Wild Foraging for Edibles and Herbs: Sustainable and Safe Practices

gather medicinal herbs

There’s something to be said for going out into the woods and foraging personally for herbs. It’s almost magical in a way, and it’s a practice that reconnects us with our ancestors. In our modern world, the practices of old are often forgotten about. Herbalism is one of the ways that we keep these ancient traditions alive and foraging is a part of that. Studies are starting to show the benefits of “tree therapy” and just how important our connection with nature is. What better way to start getting your own nature therapy than by going out and gathering some local herbs to use in medicine making!

There are a few things that you should know before running off to the woods to gather medicinal herbs, though. Foraging today is not like it was 100 years ago. Not only are there limited places where this is legal, but it can also be dangerous. Here are 3 key things you need to keep in mind:

#1: Accurate Plant Identification

It’s essential for anyone foraging for herbs to know plants and be confident in your identification skills before you go out. This is perhaps the most important tip for anyone hoping to start. You would be surprised by how many poisonous plants are out there, which look identical to several medicinal herbs. For example, Sambucus aka Elderberry is a fantastic medicinal herb. It’s found all over Southern Ontario, where it grows in nitrogen rich soil near farms and forests. Perfect for foraging! That is, until you come across the look-alike Wild Grape!

Wild grape is highly toxic, especially in large doses, and most definitely in the amounts needed for medicine. It looks almost identical to elderberry with only two minor differences. It also tends to grow in the exact same place as elderberries, and will frequently wrap itself around the elderberry bushes. That’s just one example of how toxic plants like to make it a little more difficult to gather medicinal herbs. If you’re going to forage, you absolutely must be 100% certain of the identity of the plant you are gathering. Herbal guide books are great to bring with you, and there are several wonderful videos available on YouTube to help you along your journey.

#2: Know the Area

Many people use pesticides in their gardens, farms and yards. The wind and animals can track these pesticides through areas they weren’t intended for.  In Ontario, you also have to be aware that the salt used on the roads in the winter can alter the plants as it is absorbed by the ground in the spring. Be mindful of this and avoid high traffic areas and anywhere you know pesticides are used. In addition, you need to be aware of the laws regarding foraging in the area you’re going to. Provincial parks often forbid the removal of anything from the area, for example. Research the area first and make sure foraging there isn’t going to get you in trouble.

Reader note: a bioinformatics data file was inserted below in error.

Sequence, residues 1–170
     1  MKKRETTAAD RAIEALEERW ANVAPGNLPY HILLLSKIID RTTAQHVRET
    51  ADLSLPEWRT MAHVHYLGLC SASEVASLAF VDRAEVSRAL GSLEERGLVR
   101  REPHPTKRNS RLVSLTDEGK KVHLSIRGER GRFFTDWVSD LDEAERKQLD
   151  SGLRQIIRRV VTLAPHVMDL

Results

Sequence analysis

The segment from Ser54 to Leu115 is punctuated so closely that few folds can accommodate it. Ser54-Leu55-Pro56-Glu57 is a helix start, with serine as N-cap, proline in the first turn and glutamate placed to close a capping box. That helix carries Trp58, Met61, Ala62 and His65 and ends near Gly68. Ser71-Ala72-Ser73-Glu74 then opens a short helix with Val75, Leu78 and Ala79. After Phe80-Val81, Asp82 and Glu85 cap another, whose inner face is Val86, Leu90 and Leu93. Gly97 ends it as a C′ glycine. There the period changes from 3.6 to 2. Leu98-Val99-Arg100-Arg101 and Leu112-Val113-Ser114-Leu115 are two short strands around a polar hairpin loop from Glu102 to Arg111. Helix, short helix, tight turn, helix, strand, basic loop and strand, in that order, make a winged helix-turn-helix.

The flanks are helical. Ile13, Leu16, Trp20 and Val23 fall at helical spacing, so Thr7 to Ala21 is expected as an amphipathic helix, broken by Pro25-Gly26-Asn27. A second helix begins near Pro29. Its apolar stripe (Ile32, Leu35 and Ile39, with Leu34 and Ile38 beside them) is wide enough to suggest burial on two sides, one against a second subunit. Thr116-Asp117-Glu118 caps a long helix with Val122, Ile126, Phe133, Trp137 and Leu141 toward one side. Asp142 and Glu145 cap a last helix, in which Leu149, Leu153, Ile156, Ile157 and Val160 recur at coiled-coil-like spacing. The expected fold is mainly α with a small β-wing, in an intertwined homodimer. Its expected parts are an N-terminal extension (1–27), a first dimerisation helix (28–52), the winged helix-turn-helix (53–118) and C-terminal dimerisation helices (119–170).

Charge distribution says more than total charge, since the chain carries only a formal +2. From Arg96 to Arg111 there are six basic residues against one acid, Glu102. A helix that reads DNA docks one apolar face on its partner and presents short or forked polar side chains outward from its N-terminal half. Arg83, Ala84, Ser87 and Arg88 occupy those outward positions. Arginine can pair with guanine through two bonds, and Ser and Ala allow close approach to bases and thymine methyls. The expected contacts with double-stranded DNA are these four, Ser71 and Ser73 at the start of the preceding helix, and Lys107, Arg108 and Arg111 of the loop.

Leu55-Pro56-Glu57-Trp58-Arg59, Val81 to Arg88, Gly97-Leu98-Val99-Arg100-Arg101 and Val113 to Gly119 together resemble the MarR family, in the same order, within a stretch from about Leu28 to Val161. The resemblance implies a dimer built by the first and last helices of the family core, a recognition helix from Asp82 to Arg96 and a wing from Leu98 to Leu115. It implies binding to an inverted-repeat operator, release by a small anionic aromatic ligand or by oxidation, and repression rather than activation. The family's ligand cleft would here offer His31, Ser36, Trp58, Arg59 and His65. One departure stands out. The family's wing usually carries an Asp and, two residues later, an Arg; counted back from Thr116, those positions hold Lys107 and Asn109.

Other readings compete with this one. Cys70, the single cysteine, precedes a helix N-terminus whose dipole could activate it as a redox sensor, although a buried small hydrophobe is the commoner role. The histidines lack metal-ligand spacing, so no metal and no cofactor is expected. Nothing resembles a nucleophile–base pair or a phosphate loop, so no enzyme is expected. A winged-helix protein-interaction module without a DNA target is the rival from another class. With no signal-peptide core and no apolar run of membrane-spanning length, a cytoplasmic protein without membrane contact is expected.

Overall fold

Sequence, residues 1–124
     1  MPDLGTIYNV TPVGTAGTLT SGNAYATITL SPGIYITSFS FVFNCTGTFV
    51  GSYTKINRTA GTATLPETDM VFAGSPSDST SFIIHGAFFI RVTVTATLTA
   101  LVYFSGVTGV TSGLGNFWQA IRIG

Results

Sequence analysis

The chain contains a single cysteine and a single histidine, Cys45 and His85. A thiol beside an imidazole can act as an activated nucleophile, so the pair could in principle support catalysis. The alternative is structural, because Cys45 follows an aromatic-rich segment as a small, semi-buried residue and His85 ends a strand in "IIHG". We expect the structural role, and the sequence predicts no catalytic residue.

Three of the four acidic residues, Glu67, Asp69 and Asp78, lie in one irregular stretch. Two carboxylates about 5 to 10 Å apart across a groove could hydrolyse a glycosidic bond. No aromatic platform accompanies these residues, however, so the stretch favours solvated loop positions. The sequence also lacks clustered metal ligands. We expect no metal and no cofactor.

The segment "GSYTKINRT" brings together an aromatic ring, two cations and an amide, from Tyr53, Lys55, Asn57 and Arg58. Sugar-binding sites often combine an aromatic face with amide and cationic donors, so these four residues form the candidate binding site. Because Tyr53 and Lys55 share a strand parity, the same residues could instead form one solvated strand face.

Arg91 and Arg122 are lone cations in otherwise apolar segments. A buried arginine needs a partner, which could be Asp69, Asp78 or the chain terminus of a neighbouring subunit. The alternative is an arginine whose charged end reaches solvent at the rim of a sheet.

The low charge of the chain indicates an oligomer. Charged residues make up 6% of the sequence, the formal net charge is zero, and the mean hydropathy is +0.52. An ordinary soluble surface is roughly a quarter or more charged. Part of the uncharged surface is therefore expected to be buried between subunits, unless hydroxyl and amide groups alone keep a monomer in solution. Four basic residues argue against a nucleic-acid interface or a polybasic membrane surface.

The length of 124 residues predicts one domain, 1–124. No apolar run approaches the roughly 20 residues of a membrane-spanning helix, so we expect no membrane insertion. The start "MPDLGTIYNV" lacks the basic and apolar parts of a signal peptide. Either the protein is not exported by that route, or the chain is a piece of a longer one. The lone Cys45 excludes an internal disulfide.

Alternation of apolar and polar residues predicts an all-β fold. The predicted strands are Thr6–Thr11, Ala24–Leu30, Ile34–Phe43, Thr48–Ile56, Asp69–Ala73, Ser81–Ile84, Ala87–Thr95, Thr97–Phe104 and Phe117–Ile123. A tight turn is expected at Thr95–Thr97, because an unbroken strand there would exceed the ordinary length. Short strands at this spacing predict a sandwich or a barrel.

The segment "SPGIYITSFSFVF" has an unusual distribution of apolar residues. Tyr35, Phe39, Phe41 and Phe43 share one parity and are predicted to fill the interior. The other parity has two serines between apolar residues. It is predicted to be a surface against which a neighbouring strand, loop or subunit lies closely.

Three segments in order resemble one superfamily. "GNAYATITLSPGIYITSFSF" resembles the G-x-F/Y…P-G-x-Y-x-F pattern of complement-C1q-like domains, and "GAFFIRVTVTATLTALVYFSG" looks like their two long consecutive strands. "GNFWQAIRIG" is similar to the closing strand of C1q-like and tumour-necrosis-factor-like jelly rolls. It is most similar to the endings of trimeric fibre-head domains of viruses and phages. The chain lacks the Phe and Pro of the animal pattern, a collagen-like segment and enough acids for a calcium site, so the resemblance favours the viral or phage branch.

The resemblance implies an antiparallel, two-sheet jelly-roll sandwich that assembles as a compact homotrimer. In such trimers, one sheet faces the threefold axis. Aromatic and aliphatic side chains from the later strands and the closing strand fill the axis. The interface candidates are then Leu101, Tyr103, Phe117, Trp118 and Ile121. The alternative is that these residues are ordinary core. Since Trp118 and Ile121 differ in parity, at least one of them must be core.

#3: How Much is Too Much?

The last important thing to keep in mind is how much you’re gathering. It’s really easy to accidentally take too much, especially those harder-to-find herbs. Many animals and birds rely on the fruits and plants, and denuding their environment can have significant knock-on effects.

A good rule of thumb is for every herb or berry you take, leave three behind. Harvesting bark and tree branches is a little different from herbs and you need to take extra care when doing this. Never peel or cut the bark from a tree. This exposes the tree to diseases and insects, which can kill the entire tree. If you need to harvest from a tree, do extensive research on the best practices. Most often, you will want to harvest twigs that are still flexible and alive. Try to avoid twigs that have a lot of leaf buds so as to take as little leaves from the tree as possible.

Foraging for edible and medicinal plants can be an incredible experience that will reconnect you with your heritage. It is our duty though to do it in a safe and sustainable manner and keeping these things in mind will make it easier and more enjoyable for you. Happy gathering!

For more information on how to gather medicinal herbs, contact us for a consultation.

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